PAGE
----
After surgery, a hospital physical therapist will educate you about what precautions to take when you go home and what movements to avoid during the initial healing phase. They also will teach you how to manage your affected arm and to get in and out of bed.

After discharge, continuing physical therapy is essential to ensure your safe recovery. Your physical therapist will work with you to progress your exercises at the right times in the healing process. They will help you get back your range of motion, improve your strength and function, and eventually help you get back to your everyday activities, job, or sport.

Be sure to tell your physical therapist your goals, so both of you can focus on what is important to you. 

Physical therapists are movement experts who improve quality of life through hands-on care, patient education, and prescribed movement. You can contact a physical therapist directly for an evaluation. To find a physical therapist in your area, visit Find a PT.

Find a PT Near You!

Additional Resources

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Cox RM, Brolin TJ, Padegimas EM, et al. Outcomes of bilateral shoulder arthroplasties: a comparison of bilateral total shoulder arthroplasties and bilateral reverse shoulder arthroplasties. Clin Orthop Surg. 2019;11(3):316–324. Article Summary in PubMed.

Friedman RJ, Eichinger J, Schoch B, et al. Preoperative parameters that predict postoperative patient-reported outcome measures and range of motion with anatomic and reverse total shoulder arthroplasty. JSES Open Access. 2019;3(4):266–272. Article Summary in PubMed.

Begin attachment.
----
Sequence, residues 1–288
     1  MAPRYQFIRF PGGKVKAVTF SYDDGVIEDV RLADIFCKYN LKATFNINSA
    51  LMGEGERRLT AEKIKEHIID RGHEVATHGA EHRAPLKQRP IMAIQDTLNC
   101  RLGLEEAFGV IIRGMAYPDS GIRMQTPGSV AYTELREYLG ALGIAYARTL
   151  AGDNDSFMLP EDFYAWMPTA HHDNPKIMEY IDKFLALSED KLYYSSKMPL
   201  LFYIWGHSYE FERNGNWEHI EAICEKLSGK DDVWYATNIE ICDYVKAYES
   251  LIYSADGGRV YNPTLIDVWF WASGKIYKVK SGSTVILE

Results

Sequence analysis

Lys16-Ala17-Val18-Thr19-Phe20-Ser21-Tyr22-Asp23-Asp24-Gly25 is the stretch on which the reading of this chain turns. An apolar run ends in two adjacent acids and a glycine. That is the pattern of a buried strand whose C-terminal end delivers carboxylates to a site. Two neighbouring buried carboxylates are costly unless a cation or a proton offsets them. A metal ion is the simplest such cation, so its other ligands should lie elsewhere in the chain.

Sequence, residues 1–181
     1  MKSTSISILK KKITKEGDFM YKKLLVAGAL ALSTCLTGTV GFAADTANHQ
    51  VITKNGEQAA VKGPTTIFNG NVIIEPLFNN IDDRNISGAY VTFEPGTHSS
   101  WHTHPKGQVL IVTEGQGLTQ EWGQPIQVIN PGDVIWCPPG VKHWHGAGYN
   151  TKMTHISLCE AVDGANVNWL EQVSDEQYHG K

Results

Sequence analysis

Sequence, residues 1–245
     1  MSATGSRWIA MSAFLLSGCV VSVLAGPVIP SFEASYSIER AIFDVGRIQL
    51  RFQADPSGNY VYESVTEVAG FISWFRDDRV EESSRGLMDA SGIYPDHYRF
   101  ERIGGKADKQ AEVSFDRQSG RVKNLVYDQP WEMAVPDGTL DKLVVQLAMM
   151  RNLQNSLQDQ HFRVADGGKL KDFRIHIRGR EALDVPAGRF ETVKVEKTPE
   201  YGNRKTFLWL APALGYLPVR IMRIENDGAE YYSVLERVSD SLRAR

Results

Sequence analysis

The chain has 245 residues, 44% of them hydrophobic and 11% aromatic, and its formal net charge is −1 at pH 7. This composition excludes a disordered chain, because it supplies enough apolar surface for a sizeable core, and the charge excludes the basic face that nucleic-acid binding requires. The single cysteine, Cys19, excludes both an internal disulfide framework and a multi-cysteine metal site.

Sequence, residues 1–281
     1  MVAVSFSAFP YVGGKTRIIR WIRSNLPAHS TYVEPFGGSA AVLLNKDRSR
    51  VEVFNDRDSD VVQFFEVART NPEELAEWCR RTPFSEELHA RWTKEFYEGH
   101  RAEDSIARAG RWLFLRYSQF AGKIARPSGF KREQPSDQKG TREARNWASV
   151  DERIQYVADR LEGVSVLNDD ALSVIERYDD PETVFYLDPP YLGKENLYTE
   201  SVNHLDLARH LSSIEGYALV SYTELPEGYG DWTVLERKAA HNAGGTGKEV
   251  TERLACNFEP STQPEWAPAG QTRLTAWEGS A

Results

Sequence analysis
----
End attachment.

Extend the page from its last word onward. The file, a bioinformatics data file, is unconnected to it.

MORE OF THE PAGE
Goplen CM, Verbeek W, Kang SH, et al. Preoperative opioid use is associated with worse patient outcomes after total joint arthroplasty: a systematic review and meta-analysis. BMC Musculoskelet Disord. 2019;20(1):234. Article Summary in PubMed.

Menendez ME, Lawler SM, Carducci MP, Ring D, Mahendraraj KA, Jawa A. Delayed hospital discharge after total shoulder arthroplasty: why, and who is at risk? JSES Open Access. 2019;3(3):130–135. Article Summary in PubMed.

Parsons M, Routman HD, Roche CP, Friedman RJ. Patient-reported outcomes of reverse total shoulder arthroplasty: a comparative risk factor analysis of improved versus unimproved cases. JSES Open Access. 2019;3(3):174–178. Article Summary in PubMed.

Goodman J, Lau BC, Krupp RJ, et al. Clinical measurements versus patient-reported outcomes: analysis of the American Shoulder and Elbow Surgeons physician assessment in patients undergoing reverse total shoulder arthroplasty. JSES Open Access. 2018;2(2):144–149. Article Summary in PubMed.

Leroux TS, Zuke WA, Saltzman BM, et al. Safety and patient satisfaction of outpatient shoulder arthroplasty. JSES Open Access. 2018;2(1):13–17. Article Summary in PubMed.

Schleich C, Bittersohl B, Antoch G, Krauspe R, Zilkens C, Kircher J. Thickness distribution of glenohumeral joint cartilage: a normal value study on asymptomatic volunteers using 3-tesla magnetic resonance tomography. Cartilage. 2017;8(2):105–111. Article Summary in PubMed.